Bigger and bolder than the 2.8L, the 3.6L offered increased flow capacity and power potential, but would be out of place on a milder application.
The final trick applied to the 3.6L was SPE. The Kenne Bell, twin-screw design featured a front seal to separate the gear box from the rotor pack. Given its position, the front seal was subjected to internal pressure supplied by the supercharger. Kenne Bell designed their SPE system to equalize the pressure on both sides of the seal to eliminate the differential. Using a relief system, the pressure is vented from the back of the seal to the inlet tube or air filter. Relieving this pressure eliminates the chance of seal failure and rotor pressure from entering the gear box. According to Kenne Bell, the standard seal system works very well in the normal boost ranges (up to 20 psi). It is in the 21-30 psi ranges run in racing applications where the SPE system really comes into play. The SPE also reduces seal wear and friction under high-vacuum, cruise conditions. While all this technology sounded good on paper, we were anxious to see it applied to our motor.
The standard Kenne Bell supercharger kit was designed to accept the factory DBW Hemi throttle body. To maximize airflow to our 3.6L, we install the 168mm Kenne Bell oval throttle body upgrade.
Supplied with the standard kit, we ran this 4.5-inch inlet tube and optional cone filter assembly. According to Kenne Bell, the inlet system flowed over 2,000 cfm!
For our testing, the 3.6L was first installed and equipped with a 3.75-inch blower pulley. Since boost out of the blower is a function of the airflow into it, we made sure eliminate any restrictions. Maximizing flow to the blower was a Mammoth intake manifold and 168mm, oval throttle body flowing more than 1600 cfm. The standard supercharger kits (both 2.8L and 3.6L) come configured to accept the stock Hemi throttle body, but we wanted maximum airflow for our Hellacious Hemi. Rather than set the blower on kill right away, we tried a variety of different pulley sizes that produced different levels of boost and power.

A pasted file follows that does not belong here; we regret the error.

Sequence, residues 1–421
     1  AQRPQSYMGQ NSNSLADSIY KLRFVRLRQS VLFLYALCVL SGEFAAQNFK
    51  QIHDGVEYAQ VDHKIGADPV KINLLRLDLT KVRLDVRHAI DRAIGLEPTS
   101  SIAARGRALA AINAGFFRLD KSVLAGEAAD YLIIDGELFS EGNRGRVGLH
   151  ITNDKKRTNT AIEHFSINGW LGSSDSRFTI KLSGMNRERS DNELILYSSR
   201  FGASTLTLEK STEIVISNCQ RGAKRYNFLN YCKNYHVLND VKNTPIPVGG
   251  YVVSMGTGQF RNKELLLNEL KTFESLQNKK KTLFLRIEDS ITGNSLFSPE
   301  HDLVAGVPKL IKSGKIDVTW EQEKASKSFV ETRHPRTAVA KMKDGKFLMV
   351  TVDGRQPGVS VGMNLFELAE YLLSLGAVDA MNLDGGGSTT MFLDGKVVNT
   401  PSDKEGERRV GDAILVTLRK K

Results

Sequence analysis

As good as Hemis are in normally aspirated trim, they are even better under boost. The modified 6.1L was no slouch to begin with, posting peak numbers of 509 hp at 6,500 rpm and 467 lb-ft of torque at 5,000 rpm. Credit the ported heads, a COMP XE273 cam, and SRT8 intake for the impressive power. Things really took off once we installed the Kenne Bell supercharger. Equipped with the intercooled, 3.6L twin-screw, the 6.1L Hemi produced 1,003 hp at 7,000 rpm and 881 lb-ft of torque at just 4,700 rpm. That’s one Hellacious Hemi!
After dialing in the air/fuel and timing (on 118-octane Rocket Brand race fuel) with a 3.75-inch blower pulley, the supercharged Hemi pumped out 1,003 hp and 881 lb-ft of torque. Run to 7,000 rpm, the twin-screw was pumping out 22 psi of boost through the air-to-water intercooler. The 3.6L had plenty of boost and power left in reserve (this unit has exceeded 1,600 hp), but we were already plenty happy with our four-digit, Hellacious Hemi.